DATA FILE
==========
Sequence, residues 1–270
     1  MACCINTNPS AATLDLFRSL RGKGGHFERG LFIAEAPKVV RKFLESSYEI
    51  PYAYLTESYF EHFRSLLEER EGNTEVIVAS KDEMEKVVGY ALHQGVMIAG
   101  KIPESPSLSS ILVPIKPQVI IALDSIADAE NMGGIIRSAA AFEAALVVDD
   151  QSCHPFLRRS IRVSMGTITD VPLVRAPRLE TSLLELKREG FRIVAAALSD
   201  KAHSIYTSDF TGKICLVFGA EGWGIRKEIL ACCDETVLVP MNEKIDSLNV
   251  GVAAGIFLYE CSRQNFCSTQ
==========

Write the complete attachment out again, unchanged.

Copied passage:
Sequence, residues 1–270
     1  MACCINTNPS AATLDLFRSL RGKGGHFERG LFIAEAPKVV RKFLESSYEI
    51  PYAYLTESYF EHFRSLLEER EGNTEVIVAS KDEMEKVVGY ALHQGVMIAG
   101  KIPESPSLSS ILVPIKPQVI IALDSIADAE NMGGIIRSAA AFEAALVVDD
   151  QSCHPFLRRS IRVSMGTITD VPLVRAPRLE TSLLELKREG FRIVAAALSD
   201  KAHSIYTSDF TGKICLVFGA EGWGIRKEIL ACCDETVLVP MNEKIDSLNV
   251  GVAAGIFLYE CSRQNFCSTQ